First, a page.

Why Is Osteoporosis Prevalent in Certain Bones?

New Research Points to Overwhelming Differences in Limb and Skull Bones

Differences in bone types may explain why the limbs are less resistant to thinning than the skull, according to new findings that researchers suggest could aid in the continued understanding and treatment of osteoporosis.

As detailed in a new study recently published in the open access journal PLoS ONE, researchers compared the cells of skull and limb bones taken from adult rats, finding approximately 1,236 genetic differences between these bones.

Based on the study’s findings, skull and limb bones have differences in bone matrix characteristics, leading to different densities of bone-forming cells, or osteoblasts, and thus possibly explaining why bone thinning occurs in the limbs (arms and legs) with aging but not the skull.

For some more context, bone formation is a dynamic, remodeling process that involves bone being laid down by osteoblasts and removed by bone-eating cells called osteocytes. Typically, more bone is created than removed early in life; however, this process changes around age 30, with more bone removed than replaced.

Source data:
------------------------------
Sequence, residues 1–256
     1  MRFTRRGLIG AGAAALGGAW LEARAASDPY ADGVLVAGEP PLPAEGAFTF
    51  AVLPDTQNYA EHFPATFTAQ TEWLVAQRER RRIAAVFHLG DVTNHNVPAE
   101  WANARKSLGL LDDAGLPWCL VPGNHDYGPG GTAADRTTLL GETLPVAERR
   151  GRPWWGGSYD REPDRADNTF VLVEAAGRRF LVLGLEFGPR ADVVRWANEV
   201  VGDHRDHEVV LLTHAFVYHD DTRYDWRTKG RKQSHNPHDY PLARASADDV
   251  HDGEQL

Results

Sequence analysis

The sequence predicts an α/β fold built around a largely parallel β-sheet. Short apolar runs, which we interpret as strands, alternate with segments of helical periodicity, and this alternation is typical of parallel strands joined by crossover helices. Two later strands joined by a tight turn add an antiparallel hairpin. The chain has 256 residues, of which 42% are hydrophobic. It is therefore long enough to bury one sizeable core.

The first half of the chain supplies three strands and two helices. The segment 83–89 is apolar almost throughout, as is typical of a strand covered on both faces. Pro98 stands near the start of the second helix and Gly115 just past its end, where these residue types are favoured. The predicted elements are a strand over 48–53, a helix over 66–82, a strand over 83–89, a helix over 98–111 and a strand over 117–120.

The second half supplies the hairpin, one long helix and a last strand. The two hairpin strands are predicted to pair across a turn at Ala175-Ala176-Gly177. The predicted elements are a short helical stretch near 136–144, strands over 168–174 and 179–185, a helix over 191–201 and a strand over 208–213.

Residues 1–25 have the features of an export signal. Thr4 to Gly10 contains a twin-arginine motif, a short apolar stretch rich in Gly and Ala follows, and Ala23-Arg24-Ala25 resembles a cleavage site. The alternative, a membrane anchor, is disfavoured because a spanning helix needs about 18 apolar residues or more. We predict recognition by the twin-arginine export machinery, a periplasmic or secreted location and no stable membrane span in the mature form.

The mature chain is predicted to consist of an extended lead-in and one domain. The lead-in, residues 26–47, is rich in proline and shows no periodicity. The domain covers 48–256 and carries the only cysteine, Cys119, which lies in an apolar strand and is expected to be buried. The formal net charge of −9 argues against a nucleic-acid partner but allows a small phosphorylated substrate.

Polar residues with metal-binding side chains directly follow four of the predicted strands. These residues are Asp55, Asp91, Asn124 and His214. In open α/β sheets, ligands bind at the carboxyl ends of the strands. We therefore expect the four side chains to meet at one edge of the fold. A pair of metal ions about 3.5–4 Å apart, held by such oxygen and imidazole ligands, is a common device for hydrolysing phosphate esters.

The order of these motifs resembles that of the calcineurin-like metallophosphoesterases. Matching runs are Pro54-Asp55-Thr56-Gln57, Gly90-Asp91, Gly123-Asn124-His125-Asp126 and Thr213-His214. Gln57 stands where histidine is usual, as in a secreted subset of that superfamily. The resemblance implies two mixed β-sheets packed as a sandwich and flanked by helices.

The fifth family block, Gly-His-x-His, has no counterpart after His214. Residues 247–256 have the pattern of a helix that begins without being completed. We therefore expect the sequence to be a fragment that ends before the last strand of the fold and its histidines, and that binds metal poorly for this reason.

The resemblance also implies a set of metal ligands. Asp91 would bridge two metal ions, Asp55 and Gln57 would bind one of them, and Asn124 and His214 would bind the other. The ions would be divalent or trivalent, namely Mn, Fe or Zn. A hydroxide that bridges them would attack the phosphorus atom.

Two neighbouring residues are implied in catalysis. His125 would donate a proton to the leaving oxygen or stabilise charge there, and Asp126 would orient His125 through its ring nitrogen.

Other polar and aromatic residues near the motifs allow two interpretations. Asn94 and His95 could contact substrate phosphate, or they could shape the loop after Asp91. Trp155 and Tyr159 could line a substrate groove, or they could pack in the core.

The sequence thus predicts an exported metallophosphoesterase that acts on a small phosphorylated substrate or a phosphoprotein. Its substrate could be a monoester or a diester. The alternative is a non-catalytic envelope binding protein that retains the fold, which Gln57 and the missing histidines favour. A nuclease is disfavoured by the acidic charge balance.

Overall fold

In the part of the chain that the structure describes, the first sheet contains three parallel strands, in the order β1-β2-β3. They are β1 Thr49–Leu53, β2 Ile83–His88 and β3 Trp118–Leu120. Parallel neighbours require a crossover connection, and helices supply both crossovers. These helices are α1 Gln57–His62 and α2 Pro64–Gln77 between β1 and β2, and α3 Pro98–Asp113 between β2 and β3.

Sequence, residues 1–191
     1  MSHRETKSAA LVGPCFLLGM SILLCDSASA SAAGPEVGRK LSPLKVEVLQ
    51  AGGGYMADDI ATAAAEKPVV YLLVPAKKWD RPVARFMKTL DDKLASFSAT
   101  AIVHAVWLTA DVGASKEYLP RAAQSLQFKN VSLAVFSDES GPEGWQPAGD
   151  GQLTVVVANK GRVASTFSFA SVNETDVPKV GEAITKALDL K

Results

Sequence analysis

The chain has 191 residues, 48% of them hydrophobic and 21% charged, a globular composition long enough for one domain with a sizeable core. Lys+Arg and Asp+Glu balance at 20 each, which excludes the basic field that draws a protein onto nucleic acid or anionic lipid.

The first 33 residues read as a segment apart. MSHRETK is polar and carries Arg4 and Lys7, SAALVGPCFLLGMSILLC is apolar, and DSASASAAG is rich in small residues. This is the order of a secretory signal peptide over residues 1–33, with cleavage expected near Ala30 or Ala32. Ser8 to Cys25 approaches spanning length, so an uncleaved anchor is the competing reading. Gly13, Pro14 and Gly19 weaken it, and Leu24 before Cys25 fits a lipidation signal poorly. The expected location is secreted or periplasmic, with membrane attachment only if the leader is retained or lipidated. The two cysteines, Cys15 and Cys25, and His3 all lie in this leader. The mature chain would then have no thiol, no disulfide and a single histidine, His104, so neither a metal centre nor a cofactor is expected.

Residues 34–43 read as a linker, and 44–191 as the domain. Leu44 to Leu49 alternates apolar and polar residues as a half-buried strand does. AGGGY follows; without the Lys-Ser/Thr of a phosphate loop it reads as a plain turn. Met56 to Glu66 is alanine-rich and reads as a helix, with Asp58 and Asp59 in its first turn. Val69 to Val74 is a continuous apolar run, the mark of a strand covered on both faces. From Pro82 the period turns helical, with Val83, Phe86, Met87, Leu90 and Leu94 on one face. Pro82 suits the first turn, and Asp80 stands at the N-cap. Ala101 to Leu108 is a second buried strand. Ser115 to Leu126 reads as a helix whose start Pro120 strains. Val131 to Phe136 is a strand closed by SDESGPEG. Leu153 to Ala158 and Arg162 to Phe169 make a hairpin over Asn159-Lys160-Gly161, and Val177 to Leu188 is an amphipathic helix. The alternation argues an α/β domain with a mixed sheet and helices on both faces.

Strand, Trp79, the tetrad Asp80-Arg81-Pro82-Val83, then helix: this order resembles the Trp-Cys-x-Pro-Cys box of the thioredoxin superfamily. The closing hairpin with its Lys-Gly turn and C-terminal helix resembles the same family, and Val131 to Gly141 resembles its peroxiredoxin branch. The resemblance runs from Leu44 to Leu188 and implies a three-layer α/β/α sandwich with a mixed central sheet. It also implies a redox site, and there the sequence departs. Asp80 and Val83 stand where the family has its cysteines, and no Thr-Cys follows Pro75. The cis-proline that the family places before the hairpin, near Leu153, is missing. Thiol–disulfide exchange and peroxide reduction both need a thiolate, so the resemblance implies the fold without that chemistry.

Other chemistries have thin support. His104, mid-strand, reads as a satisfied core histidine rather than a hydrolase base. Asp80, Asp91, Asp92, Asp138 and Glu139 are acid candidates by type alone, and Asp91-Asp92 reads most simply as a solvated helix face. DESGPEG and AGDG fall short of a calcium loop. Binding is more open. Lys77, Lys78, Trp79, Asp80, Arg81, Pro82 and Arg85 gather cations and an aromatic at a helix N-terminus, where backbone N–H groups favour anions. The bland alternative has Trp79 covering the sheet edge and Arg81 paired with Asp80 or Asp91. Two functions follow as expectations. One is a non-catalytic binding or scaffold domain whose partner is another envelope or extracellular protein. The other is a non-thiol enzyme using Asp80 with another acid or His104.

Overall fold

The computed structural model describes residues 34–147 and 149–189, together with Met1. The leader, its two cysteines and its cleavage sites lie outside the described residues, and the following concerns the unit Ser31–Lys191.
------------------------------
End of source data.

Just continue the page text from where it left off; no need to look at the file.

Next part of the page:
Osteoporosis is a thinning of the bones that typically occurs in women greater than 50 as a result of decreased estrogen levels and the favoring of osteocytes, leaving limb bones and spinal vertebrae susceptible to fracture.

According to the study's researchers, the differences between skull and limb bones are profound at the levels of the organs, cells and transcriptomes, suggesting that such variances occur early in life, probably when these bones are still developing in the womb.

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